Except they don’t ask me that. Instead, they spit out exactly five canned questions that I’m supposed to rate on a scale from 1 to 10. How satisfied was I with the repair itself? Uh, 10. How satisfied was I with the courtesy and professionalism of the service technician? Well, 10 again. Wait, wait! You’re not asking me the right questions! Ask me about the nonexistent scheduling! Ask me about the early morning wake-up call! You bastards promised!
No joy. After answering, truthfully, that their repairman in his shiny white van was great, GE hung up on me, evidently satisfied they’d collected all the data they wanted. There was no opportunity for additional comments; no option for write-in remarks nor openings for spontaneous feedback. It was strict multiple-choice Q&A. They asked what they wanted to know, not what I wanted to tell them. A failure in a closed-loop system.
So—how close is your organization to GE? How does your department conduct research, and how does your support group quantify customer satisfaction? You may find that the foxes are guarding the henhouse, in the sense that the group responsible for providing a service may also be creating its own metrics. That’s a conflict of interest that should be obvious, but, sadly, it is pretty common.
As engineers, programmers, or developers, we like to have data. We like numbers; we want answers. There’s a creative side to engineering, too, but the numbers and research need to back it up. The insidious problem is when you don’t ask the right questions, as with GE. On a technical level, their automated scheduling software and voice synthesis were probably judged a complete success. It just didn’t work in any practical sense. The same goes for their follow-up survey. As far as they know, they got a perfect score, and some mid-level manager in GE’s service department will likely get his quarterly bonus, smugly satisfied that he’s done a good job. There’s a saying in the restaurant business that you always know why customers come back but you never know why they don’t.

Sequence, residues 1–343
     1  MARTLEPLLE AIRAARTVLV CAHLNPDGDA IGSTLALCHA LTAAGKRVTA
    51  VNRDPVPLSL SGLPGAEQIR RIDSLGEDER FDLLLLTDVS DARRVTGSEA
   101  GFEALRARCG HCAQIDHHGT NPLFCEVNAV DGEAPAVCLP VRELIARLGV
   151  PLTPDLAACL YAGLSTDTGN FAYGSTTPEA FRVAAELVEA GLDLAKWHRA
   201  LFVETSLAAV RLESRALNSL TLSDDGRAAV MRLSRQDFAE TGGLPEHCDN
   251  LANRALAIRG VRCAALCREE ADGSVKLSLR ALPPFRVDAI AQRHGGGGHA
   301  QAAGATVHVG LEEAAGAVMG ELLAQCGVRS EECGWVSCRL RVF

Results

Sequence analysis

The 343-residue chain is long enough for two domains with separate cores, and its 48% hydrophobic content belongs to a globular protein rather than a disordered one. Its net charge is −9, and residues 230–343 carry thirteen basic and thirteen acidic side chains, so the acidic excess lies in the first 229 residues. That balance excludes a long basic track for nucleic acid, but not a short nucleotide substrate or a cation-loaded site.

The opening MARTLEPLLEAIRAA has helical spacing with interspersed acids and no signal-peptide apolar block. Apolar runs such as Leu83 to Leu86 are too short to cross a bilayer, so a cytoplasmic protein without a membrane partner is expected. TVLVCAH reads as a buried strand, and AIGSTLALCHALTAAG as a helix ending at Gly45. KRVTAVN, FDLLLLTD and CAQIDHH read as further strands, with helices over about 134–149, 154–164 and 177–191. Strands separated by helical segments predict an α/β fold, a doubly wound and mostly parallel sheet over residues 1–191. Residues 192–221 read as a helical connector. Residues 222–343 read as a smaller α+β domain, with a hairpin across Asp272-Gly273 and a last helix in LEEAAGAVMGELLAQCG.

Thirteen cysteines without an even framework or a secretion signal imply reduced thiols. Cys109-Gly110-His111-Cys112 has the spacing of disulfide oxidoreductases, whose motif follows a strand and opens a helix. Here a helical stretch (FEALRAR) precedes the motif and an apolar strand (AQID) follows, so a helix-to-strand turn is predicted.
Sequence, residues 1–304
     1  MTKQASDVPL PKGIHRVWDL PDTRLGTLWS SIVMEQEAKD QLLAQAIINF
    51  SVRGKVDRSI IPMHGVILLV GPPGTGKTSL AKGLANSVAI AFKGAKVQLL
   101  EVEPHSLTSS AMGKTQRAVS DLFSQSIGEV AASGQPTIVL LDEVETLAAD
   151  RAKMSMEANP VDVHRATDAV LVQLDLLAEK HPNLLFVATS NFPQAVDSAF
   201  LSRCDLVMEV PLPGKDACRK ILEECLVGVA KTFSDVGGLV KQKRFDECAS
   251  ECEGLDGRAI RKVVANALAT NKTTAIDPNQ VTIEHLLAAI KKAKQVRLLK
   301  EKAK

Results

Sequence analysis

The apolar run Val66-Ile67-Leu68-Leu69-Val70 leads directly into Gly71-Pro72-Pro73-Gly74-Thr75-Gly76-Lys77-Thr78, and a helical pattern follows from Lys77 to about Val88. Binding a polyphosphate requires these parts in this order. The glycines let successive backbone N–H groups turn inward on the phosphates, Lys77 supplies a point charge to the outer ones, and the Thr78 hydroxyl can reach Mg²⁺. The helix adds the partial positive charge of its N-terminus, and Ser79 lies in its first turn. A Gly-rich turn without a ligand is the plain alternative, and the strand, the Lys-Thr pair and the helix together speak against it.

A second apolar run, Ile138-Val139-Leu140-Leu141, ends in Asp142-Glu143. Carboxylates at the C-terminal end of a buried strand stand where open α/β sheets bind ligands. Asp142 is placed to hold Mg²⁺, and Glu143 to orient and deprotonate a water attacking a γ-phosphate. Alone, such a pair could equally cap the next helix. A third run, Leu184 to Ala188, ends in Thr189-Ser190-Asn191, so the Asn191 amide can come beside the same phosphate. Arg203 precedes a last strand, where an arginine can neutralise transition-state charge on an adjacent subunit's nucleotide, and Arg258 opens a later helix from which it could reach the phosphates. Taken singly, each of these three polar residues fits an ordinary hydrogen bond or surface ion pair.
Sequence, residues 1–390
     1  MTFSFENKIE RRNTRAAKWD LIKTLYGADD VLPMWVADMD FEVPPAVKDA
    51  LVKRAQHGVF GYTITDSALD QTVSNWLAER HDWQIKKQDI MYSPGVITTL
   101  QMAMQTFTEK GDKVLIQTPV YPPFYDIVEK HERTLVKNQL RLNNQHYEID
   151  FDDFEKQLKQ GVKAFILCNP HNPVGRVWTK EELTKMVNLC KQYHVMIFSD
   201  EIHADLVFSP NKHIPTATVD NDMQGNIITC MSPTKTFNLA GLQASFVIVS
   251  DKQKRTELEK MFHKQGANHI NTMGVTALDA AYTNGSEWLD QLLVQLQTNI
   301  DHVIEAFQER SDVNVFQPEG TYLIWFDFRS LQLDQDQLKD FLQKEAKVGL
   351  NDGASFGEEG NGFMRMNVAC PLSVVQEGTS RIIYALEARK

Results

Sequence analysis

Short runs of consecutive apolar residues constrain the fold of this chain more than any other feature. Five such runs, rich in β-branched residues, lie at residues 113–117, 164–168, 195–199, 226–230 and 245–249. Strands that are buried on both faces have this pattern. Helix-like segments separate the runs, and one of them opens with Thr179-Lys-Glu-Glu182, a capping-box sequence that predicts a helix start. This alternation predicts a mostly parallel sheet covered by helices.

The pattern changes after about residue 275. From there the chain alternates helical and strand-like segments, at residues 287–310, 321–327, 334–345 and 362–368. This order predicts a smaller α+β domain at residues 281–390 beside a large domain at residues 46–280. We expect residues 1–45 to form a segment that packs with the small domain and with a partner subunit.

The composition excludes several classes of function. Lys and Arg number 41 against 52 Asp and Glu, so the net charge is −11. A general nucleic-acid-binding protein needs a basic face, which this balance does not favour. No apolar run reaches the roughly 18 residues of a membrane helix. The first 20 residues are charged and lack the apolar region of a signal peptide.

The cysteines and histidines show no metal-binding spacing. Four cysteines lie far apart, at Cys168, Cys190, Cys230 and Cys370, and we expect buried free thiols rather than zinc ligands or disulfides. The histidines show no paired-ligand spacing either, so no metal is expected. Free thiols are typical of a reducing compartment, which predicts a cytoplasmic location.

The key to scientific research is in knowing how to test a hypothesis, and the trick to data-collection is in knowing what questions to ask. It’s trivially easy to put together an online survey, and almost as easy to get a thousand people to fill it out. But gleaning any data, knowledge, or (hardest of all) wisdom from that is another matter entirely. Armed with bogus data, you can blindly but confidently stride down the wrong path. Basketball player Yao Ming and I have an average height of 6’ 8”, but that’s a useless statistic no matter how accurate.
For gaining real insight, there’s no substitute for face-to-face conversations. Yes, it’s time-consuming and requires human interaction, but it’s far more useful than even a well-prepared survey. And most surveys are not well-prepared. There’s a real skill to developing accurate surveys and questionnaires, and most of us don’t have it. Neilson, Arbitron, Gartner… these companies know what they’re doing, and, frankly, we don’t.
The very nature of surveys constrains the range of possible answers, as with GE’s example. I couldn’t tell them what I really thought—what they needed to know—because they never offered the opportunity. I’m sure GE thought they were covering all their bases, but they really just asked the same question five different ways. Discovery and insight require leaving the door open for unexpected answers to questions you hadn’t thought of asking. Ranking satisfaction from 1 to 10 won’t tell you that your customers really prefer strawberry to vanilla, or that they’re about to abandon you for a competitor.
No amount of surveying would have sparked the development of the iPod or Linux or booger-flavored Jelly Belly candy. Those were wild shots in the dark, unencumbered by facts and statistics and survey data. Business guru Peter Drucker said, “Don’t solve problems; pursue opportunities.” He wasn’t working for GE at the time.